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5 Reasons Why You Would Make an Excellent Entrepreneur To help see if you are cut out for the entrepreneurial road, here are five signs you should jump the corporate ship and go out on your own.

By Thomas Oppong Edited by Dan Bova

Opinions expressed by Entrepreneur contributors are their own.

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If you have the vision to connect the dots and ideas at your present job, chances are you would make a great entrepreneur. But often people love the idea of having a "real job" too much to even give freedom a try. To help see if you are cut out for the entrepreneurial road, here are five signs you should jump the corporate ship and go out on your own.

1. You genuinely love what you do.

In the corporate world, some people just punch the clock to pay the bills. They don't really get any fulfillment or pleasure from their responsibilities.

On the other hand, there are some employees that take a lot of pride in their jobs. They don't hesitate to go the extra mile to get tasks done. This sort of passion is one of the basic requirements for starting anything, especially a new venture.

Related: Shutting Down to Starting Up: Being Hooked on Entrepreneurship

If you are putting your mind and energy to doing an amazing job at your current position, you will love your own projects even more. Entrepreneurs who are passionate about their ideas believe they can do a better job than the people already serving that market. They change how we use everyday products and services in the process. If you think along those lines, chances are you will do better as an entrepreneur.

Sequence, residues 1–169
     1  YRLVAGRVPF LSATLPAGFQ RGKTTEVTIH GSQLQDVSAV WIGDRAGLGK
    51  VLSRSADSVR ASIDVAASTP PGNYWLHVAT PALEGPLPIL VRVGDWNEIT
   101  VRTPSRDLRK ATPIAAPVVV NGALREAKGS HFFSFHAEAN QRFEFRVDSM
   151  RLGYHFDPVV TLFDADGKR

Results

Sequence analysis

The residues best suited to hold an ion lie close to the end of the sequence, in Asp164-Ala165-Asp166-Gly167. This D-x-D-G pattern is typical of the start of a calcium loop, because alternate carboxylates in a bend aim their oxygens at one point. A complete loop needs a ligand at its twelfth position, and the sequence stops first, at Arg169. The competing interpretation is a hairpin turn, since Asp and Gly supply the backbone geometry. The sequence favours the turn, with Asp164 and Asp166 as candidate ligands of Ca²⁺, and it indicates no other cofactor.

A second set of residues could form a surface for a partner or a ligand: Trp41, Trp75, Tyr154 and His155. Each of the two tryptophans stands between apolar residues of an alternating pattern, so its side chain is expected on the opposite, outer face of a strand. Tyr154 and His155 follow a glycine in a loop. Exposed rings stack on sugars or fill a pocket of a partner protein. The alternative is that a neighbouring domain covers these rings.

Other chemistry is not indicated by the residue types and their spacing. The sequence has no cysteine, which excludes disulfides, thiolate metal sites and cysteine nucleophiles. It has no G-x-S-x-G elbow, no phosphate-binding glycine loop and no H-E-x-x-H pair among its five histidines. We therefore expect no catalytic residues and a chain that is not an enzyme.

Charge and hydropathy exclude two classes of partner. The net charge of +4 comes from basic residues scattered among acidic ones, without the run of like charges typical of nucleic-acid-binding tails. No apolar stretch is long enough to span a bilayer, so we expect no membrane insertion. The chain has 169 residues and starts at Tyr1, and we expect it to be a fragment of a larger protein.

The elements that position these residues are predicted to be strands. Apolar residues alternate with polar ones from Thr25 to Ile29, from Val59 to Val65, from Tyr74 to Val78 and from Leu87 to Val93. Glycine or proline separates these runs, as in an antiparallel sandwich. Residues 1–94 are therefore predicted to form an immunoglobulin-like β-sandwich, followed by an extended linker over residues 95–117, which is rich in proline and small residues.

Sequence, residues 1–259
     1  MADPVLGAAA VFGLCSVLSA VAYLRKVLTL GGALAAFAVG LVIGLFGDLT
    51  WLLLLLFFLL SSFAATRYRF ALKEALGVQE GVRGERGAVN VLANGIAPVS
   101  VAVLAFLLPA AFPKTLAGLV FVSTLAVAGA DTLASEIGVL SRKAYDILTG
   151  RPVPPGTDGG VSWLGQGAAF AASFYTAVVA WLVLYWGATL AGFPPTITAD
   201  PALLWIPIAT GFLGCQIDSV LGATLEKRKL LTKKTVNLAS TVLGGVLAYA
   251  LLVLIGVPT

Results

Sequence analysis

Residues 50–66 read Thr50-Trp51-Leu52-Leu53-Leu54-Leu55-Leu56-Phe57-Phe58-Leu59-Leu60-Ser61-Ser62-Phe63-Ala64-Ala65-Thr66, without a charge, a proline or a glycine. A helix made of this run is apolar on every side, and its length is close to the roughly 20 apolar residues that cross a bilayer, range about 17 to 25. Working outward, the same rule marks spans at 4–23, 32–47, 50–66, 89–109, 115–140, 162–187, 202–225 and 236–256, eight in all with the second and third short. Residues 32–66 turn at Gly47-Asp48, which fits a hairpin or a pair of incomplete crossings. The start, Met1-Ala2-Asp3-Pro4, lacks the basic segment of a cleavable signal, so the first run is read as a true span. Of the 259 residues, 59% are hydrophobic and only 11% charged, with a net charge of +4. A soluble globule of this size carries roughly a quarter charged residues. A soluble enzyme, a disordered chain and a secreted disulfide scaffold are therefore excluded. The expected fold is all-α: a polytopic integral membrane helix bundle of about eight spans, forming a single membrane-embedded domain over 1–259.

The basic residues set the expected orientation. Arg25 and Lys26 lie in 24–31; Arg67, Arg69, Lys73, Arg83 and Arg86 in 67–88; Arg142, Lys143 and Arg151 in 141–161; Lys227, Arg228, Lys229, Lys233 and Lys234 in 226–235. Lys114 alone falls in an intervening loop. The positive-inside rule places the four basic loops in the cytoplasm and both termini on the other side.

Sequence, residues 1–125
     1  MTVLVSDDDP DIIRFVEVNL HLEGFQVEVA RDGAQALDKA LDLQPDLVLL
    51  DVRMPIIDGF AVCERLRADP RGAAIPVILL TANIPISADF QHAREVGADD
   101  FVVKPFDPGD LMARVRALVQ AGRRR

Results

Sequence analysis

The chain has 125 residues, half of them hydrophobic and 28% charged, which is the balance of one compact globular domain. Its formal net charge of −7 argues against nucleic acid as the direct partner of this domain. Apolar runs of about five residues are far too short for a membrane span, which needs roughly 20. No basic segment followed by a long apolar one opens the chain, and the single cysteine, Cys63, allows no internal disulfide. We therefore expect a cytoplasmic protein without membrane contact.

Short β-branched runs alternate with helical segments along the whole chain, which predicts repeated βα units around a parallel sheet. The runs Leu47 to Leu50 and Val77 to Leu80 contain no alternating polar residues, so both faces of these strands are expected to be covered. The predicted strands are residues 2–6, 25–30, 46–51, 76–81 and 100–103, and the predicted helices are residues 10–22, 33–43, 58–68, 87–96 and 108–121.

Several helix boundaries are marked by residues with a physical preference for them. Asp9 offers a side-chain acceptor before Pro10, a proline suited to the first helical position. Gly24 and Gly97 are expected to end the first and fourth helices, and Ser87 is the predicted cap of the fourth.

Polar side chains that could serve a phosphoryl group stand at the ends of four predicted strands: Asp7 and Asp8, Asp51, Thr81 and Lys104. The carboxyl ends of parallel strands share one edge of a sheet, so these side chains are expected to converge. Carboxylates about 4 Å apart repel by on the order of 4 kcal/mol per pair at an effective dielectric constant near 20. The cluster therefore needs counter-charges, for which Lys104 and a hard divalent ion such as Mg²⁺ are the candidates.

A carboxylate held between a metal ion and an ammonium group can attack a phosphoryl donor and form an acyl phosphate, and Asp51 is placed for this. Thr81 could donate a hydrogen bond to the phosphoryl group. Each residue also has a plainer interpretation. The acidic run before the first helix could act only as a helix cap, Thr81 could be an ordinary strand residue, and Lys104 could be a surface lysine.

2. You would rather ask for forgiveness than permission.

Most people in a job setting prefer to stick to the rules and work by the books (aka the "yes" people). If you need to ask permission to execute the simplest tasks, you may struggle to get your own ideas off the ground as an entrepreneur.

Entrepreneurs don't ask, they do. If you tend to do most tasks without asking permission at your current job, you would be better off as an entrepreneur than an employee.

3. You crave innovation.

You may not be the employee of the month but if you are thinking about new ways to get business processes done faster, smarter and cheaper, you will certainly add a lot of value to your product or service if you ventured out on your own. If you crave innovation, chances are you have a list of things you want to do to make life or work easier for others. So, if you keep telling yourself: "there has to be a better way to do this," it may be a good time to become an entrepreneur.

Related: 14 Books Every Entrepreneur Should Read in '14

4. You are comfortable with change.

No business can survive without some kind of change: consumer and market demands change every year. Entrepreneurs know that. They study trends and know what to build or improve to stay in business as long as possible. So, you need to be comfortable with change and uncertainty and be willing to pivot quickly.

And if you hate to drop your current process of doing things for a smarter or even faster way, you probably shouldn't start your own business.

5. You are not afraid to fail.

Some people are just afraid of making mistakes. If you can't overcome your fear of failure, you would be better off keeping your day job.

You need to keep in mind, you are not your failure. Entrepreneurs choose to try and try again until they succeed. In business, mistakes are opportunities to learn and move on. If you see setbacks as stepping stones to your end goal, you will go a long way as an entrepreneur.

In business, mistakes are opportunities to learn and move on. If you see setbacks as stepping stones to your end goal, you will go a long way as an entrepreneur.

A life of doing will always trump a life of "doing as you are told". Choose to be an entrepreneur today.

Related: Answer These 3 Questions Before Jumping Into Entrepreneurship

Thomas Oppong

Founder of Alltopstartups.com

Thomas Oppong is the founder of Alltopstartups.com, a blog that offers ideas and resources for startups. He is the author of Don't Start A Business, Solve A Problem

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